Hospital Industry Leads Fight Against Medicare For All
Documents reveal for-profit hospitals' opposition to Medicare For All. The Intercept: "are leading the fight against the creation of a comprehensive, universal health care system, according to corporate filings reviewed by MapLight and The Intercept. Tenet Healthcare, the nation’s third-largest investor-owned operator of hospitals, has donated nearly $630,000 to the Partnership for America’s Health Care Future, or PAHCF, a dark-money organization created last year to erode public support for Medicare for All, a government-run plan that would provide health care for all Americans. PAHCF’s incorporation records list a lobbyist for the Federation of American Hospitals, a trade organization that represents Tenet and other investor-owned hospitals, as one of its authorized representatives. While PAHCF’s membership roster includes dozens of health insurance, pharmaceutical, and hospital trade groups and companies, much of the criticism of the effort to block Medicare for All has centered around insurance and pharmaceutical interests. But corporate records highlight the integral role that the for-profit hospital industry has played in drumming up opposition to health care reforms. Hospitals are a big piece of a common nightmare for patients, obliquely known as 'surprise billing,' that occurs when a person visits a facility that’s included in their insurance network and is treated by an out-of-network provider. The massive bill, of course, is only a surprise to the patient. The hospital industry has warned that Medicare for All could affect their revenue and cause facilities to close."
Conservative Groups Push 'Alternative" Health Care Plan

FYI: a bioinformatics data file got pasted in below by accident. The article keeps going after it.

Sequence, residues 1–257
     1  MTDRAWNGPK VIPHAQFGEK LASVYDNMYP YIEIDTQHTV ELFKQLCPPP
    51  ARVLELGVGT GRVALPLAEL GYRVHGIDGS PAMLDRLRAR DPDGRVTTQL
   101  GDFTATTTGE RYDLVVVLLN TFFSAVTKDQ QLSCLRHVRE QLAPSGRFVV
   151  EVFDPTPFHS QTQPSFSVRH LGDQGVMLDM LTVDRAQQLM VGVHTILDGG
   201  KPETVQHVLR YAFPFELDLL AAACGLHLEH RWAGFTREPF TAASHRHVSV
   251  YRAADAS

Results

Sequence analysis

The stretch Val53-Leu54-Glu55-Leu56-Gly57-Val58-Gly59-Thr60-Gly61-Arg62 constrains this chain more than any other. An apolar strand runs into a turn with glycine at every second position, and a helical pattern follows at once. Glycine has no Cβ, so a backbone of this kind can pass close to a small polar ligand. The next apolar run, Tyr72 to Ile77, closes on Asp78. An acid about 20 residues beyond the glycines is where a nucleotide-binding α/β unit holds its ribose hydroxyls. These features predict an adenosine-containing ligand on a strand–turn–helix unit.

Conservative Groups Push Health Plan They Say GOP Needs. RealClearPolitics: "With the presidential election year fast approaching, health care regularly ranks as one of the top issues for voters, and Republicans seem unprepared to create a contrast with their competition. Enter billionaire Bernard Marcus, co-founder of Home Depot and personal friend of Trump. Marcus has funded a survey of more than 20,000 patients and doctors, other health care providers and small-business owners to develop a framework for a plan that his network hopes congressional and administration Republicans will adopt in time for the election. A product of the conservative Job Creators Network and Physicians for Reform, the blueprint is touted as a personalized plan to compete with Obamacare and Medicare for All. They call it 'Healthcare for You,' and they plan to spend a quarter-million dollars just rolling it out. The first television ad drops Thursday on the heels of the latest Democratic primary debate. So, what exactly are the two groups pushing as a health care alternative after Republicans failed to repeal Obamacare while in control of the House, the Senate and the presidency? According to literature reviewed by RealClearPolitics, the proposal is a grab bag of reforms aimed at restoring 'the doctor-patient relationship' by changing the way health insurance is bought and sold and regulated by allowing patients to purchase coverage across state lines while giving states more regulatory power, and targeting medical malpractice laws to better protect physicians from frivolous lawsuits and excessive awards. Some aspects of this GOP prescription are of Tea Party vintage. Other proposals, like ending legal exemptions for middlemen, are already being pushed by the Trump administration."